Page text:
Halloween is the one time of year when it’s appropriate, if not expected, to revisit all the movies, books and comics responsible for many childhood nightmares. While 2021 has undoubtedly been an excellent year for new horror comics, sometimes you need to go back and enjoy a series that’s had some time to settle and age like a fine, if not horrifically bloody wine. This year, the reason I sleep with the lights on is Outcast, which is basically what you’d get if The Walking Dead went to church.
Created by legendary comic book writer Robert Kirkman (Invincible; Oblivion Song; The Walking Dead) and artist Paul Azaceta (Graveyard of Empires; Punisher Noir; Spider-Man: The Gauntlet) for Image Comics (Paper Girls; Killadelphia; The Department of Truth), comes Outcast, a dark yet enthralling supernatural horror about childhood trauma, demonic possession, and a member of the cloth.
Outcast is set within a small town in West Virginia and revolves entirely around Kyle Barnes, the one man who just wants to be left alone. Ever since Kyle can remember, he has been forced to witness and endure the horror of those he loves most in the world becoming possessed by demons.
I’m not talking about the cool “look at me! I can float above the bed!” kind of demons either. I’m talking about the mouth-frothing, bile spewing, “watch me turn my head all the way around” before I kill you kind of demons.
If you thought attracting demons was bad enough, imagine having no one believe you while your entire life crumbles around you. All of this causes Kyle to become a social pariah and a shut-in, trying to do his best to not relive the demons of his past.
When a seemingly ordinary child in the community starts exhibiting some significant demon-esque qualities, the local Reverend calls on Kyle to help and together, the two of them start down a path littered with scary questions and even more harrowing answers.
One of the biggest draws to Outcast for me personally was how grounded the story felt while reading. There is absolutely no reason for a demonically posed child to feel commonplace or realistic for me, yet it did. I never sat back and questioned anything I was reading or seeing on the page, undoubtedly due to the genuinely remarkable craftsmanship and dynamic connection between Kirkman and Azaceta.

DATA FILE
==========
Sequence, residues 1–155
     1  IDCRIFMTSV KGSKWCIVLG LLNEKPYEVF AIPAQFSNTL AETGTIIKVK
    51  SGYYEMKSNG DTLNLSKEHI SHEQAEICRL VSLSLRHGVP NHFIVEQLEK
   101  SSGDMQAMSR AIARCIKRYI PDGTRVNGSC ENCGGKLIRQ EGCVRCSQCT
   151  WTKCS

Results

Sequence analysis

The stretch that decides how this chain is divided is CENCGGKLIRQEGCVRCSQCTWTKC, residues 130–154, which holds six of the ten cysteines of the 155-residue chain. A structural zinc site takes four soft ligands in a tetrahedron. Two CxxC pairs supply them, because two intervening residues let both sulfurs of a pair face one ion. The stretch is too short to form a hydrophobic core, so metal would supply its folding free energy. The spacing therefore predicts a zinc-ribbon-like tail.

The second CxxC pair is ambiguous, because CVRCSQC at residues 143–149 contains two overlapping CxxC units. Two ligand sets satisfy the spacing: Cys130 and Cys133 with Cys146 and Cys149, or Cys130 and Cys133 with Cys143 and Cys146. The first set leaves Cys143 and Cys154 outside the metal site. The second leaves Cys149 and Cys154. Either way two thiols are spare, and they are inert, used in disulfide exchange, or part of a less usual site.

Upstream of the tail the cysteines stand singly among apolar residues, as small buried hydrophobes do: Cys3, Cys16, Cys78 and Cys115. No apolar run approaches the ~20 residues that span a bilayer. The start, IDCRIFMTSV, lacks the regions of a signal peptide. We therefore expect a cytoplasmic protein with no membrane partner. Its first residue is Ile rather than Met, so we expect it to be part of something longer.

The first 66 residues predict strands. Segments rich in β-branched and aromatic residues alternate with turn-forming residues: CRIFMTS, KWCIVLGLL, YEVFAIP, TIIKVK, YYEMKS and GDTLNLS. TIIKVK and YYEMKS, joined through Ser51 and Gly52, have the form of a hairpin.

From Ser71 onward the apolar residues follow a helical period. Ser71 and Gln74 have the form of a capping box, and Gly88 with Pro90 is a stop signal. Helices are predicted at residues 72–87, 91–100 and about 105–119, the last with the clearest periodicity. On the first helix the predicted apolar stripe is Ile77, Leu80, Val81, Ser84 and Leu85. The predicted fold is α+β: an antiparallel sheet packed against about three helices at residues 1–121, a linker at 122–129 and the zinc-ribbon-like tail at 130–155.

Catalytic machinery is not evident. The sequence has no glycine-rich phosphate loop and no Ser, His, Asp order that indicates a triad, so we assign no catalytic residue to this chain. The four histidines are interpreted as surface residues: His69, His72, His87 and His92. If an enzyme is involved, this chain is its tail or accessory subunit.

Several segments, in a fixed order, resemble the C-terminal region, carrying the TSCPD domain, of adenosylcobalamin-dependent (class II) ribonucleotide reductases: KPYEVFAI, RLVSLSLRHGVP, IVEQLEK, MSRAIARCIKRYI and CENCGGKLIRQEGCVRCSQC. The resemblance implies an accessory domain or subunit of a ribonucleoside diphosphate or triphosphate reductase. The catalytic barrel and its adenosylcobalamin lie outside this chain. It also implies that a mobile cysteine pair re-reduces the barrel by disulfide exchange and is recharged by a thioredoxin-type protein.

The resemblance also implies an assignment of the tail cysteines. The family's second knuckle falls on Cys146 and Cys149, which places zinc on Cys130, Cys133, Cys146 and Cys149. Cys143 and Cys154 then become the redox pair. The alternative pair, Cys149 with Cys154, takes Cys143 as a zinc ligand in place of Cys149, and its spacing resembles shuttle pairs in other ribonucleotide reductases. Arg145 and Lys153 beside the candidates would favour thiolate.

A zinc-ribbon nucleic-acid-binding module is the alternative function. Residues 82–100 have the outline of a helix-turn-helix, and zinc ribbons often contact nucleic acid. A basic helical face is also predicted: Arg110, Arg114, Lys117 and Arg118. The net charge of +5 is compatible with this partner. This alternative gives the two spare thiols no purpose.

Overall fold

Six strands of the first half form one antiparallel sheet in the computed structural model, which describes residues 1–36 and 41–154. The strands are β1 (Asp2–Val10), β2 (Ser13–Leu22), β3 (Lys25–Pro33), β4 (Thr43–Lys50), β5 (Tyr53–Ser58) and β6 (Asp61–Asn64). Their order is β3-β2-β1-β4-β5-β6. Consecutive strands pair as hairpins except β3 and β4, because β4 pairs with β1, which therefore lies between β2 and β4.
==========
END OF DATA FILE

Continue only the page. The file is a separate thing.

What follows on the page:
During Outcast, there was at no point a divide between story and art; instead, they remained connected in a way that one was inseparable from the other. I didn’t go into Outcast as a Robert Kirkman fan, and yet now, after reading it, I can’t imagine that a time when I wasn’t.
While the religious horror sub-genre isn’t something I would usually find intriguing, especially when it’s a slow burn, Outcast was utterly engaging all the way through. The religious elements truly added to the creep factor, compelling me (no pun intended) to keep turning the page until there were no more.
At the same time, I doubt that Outcast will be a comic for everyone, however, it is a good, thought-provoking read for anyone looking for a supernatural horror about facing the demons that live inside us all. And let’s be honest, can Kirkman ever disappoint?
As far back as I can remember, I’ve always had an absolute fascination with all things that dare to go bump in the night. So it’s only to be expected that I would fall in love with Outcast almost before I turned the first page. Outcast is best described as Supernatural meets Midnight Mass and is a comic that is best enjoyed within arms reach of some holy water (read wine).
If I’ve managed to win you over with the story of Outcast, but you’re not a comic person (you know who you are), then you’re in luck. Outcast was turned into an absolutely fantastic TV Show that aired via Cinemax for two seasons and covered pretty much the entire comic book run and is perfect to binge over this Halloween season.
Want to grab this supernatural trip through small-town horror for yourself? Remember to head over to Critters and Comics or click here. Outcast is available To collect as either 48 Single Issues, 4 Deluxe Hardcovers, or 8 Trade Paperbacks. If you don’t know what any of that means, but you’d like to, click on our commonly used comic terms only post here.